Darkus Knightly is not your average 13 year old. Not just because he's got an odd name, either. With his fondness for tweed, tidiness and intellectual pursuits, he stands out a bit from the crowd. His father, the renowned detective Alan Darkus (specialising in unusual cases) has been in a mysterious, medically inexplicable coma for the last four years. His mother has remarried to the fashion disaster presenter of a Top-Gear knock off, and his relationship with his step sister Tilly is a bit complicated to say the least. Like I said, not very average.
His father's absence has strengthened Darkus' resolve to follow in his detectively footsteps, to utilise the deductive skills he appears to have inherited and find out what happened to his dad. He trawls through his father's case notes each night, desperately looking for clues or leads, the answer that will bring him back. Cue the sudden appearance of 'Uncle Bill' an enormous Scot, who may not technically be related...but he's here to tell Darkus that his father has woken up as suddenly as he drifted off and has done a runner from the hospital.
Reunited, father and son have a bit of a shaky start- Alan is not convinced that Darkus is up to the task of assisting him. Plus it's a dangerous business, and he doesn't want Darkus to get hurt. Faced with the inescapable talent that his son possesses for crime solving, he finally has to admit that Darkus would be an asset to his quest. Together they continue the search for 'The Combination' a mythical crime syndicate that Alan has committed his professional life to exposing, much to the derision of his peers. Convinced they are responsible for all unexplained crime the world over, he is determined to prove their existence and their guilt. Elsewhere, a bestselling self-help book appears to be inciting otherwise law abiding citizens to engage in an inexplicable crime spree...could this be the work of the Combination too?
An exciting mystery story that twists and turns, letting the reader piece the puzzle together as the story rolls along. I know a lot of the year 7s and 8s at my school are big Sherlock fans, and are really into complex mystery stories, so this novel is going to have a great deal of appeal. Like the city in which it is set, the story strikes an unusual balance between the old and the new, wedging itself in the middle. Some elements, such as the suggestion of hypnosis, shadowy crime circles and the dialogue of Darkus and his father feel quite old fashioned, whilst the setting is distinctly modern. Like the Kinghtleys themselves, it spans the times.
I was really impressed by the characters in this story. Both Tilly and Darkus are driven by their own reasons for wanting to expose the crimes of the Combination. Each of them carries enough intrigue to be interesting, enough back story to be mysterious and to make the reader understand their behaviour, and best of all both are really easy to relate to. I love how much of an oddball Darkus is. He's not cool, he's not popular, but he's not bothered. He's insanely clever, wears three piece suits and insists on triangles not squares when it comes to sandwiches, which is better than being normal any day. I think his uniqueness is going to strike a chord with a lot of readers. Same for the character of Tilly. Her rainbow hair disguises how quiet and reserved she is, still suffering from the loss of her mother. Throwing herself in with Darkus and his dad gives her a chance to find closure and explore her own personality and strengths a little more. I look forward to seeing how she develops in later books.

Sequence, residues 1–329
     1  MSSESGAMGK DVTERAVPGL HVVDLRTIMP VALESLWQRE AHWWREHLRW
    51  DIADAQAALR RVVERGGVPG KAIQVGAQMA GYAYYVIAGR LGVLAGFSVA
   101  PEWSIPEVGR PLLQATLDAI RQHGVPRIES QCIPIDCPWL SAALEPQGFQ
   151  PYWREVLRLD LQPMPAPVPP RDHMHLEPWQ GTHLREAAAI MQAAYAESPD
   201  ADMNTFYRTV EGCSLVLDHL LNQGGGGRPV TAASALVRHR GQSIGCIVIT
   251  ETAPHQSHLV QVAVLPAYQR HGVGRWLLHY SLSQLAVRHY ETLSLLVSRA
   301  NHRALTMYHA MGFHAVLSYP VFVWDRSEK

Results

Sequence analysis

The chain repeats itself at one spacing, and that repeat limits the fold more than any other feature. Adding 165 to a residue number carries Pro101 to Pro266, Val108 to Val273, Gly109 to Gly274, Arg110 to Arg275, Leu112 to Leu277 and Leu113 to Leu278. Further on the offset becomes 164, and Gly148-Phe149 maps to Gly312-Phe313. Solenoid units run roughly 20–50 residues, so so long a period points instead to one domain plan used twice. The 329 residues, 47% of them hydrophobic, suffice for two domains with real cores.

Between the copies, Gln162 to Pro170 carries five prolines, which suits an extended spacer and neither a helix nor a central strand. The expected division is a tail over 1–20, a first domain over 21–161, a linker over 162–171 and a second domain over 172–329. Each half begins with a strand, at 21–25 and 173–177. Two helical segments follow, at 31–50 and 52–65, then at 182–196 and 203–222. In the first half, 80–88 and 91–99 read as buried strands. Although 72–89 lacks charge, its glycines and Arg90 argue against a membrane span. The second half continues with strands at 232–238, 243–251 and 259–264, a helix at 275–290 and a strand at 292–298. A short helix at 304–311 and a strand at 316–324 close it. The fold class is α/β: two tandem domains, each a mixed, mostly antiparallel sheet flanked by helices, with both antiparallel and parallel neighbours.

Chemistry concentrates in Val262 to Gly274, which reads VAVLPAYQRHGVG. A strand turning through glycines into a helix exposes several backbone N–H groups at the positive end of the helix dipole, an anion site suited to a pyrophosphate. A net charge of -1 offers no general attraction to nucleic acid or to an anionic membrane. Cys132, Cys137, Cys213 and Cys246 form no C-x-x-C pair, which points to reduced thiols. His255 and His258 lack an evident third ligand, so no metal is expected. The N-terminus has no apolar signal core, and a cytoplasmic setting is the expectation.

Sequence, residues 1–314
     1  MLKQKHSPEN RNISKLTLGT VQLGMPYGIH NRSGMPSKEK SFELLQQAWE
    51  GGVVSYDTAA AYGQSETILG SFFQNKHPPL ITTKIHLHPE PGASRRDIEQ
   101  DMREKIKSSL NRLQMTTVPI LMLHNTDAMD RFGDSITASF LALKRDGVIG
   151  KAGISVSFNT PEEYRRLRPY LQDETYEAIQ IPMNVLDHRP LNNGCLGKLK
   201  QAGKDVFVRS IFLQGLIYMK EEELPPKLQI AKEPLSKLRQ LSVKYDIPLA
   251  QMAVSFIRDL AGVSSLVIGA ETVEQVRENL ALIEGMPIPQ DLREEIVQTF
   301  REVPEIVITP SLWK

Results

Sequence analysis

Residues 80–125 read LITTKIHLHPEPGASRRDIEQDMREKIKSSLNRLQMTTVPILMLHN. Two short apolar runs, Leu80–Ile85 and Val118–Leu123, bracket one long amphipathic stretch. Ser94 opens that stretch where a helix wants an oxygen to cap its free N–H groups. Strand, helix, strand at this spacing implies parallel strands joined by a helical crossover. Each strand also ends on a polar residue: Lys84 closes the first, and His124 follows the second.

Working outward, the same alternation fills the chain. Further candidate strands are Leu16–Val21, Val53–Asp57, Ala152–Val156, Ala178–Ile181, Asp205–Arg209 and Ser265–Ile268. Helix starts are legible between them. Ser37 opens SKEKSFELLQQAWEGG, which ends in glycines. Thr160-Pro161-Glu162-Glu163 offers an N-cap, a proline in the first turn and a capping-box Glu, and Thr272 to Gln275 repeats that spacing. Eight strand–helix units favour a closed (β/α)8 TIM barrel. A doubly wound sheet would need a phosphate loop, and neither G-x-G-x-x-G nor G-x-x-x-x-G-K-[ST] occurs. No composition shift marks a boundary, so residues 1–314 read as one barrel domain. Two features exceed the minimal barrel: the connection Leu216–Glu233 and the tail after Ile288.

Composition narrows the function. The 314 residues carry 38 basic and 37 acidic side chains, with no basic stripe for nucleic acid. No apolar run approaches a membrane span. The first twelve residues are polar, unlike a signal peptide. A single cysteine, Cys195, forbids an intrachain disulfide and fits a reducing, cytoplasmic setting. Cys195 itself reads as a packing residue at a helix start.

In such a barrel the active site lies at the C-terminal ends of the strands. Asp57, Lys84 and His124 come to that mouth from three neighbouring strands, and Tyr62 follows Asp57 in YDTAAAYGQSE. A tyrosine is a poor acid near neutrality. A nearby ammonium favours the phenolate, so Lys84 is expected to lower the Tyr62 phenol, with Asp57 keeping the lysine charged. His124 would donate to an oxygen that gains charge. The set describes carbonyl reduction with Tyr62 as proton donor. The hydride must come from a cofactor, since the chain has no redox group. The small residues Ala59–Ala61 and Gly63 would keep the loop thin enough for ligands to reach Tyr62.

What I think is really elevates this book over other children's mysteries is the emphasis that the author places on the father son relationship. It really is absolutely key to the novel. The story makes it clear that Darkus has spent much of his childhood without his father's (wakeful) presence, and even so, he has become exactly like him, whether by accident or design. He dresses, speaks and acts like him. It's something that feels important to a good father/son team, the desire of the son to be like his dad. I loved how as they got to know each other better, each realised just how alike they were. It was a joy to see how their relationship developed after such a long and traumatic break and how Alan had to learn to see Darkus as a fully functioning detective, rather than just 'My Son'.
There were a few instances where I thought it borrowed a little too much from ACD's Sherlock Holmes, and in cases the BBC version, but I don't think the readership will mind. It's a fast paced, action packed story about families and truth and it's going to be massive.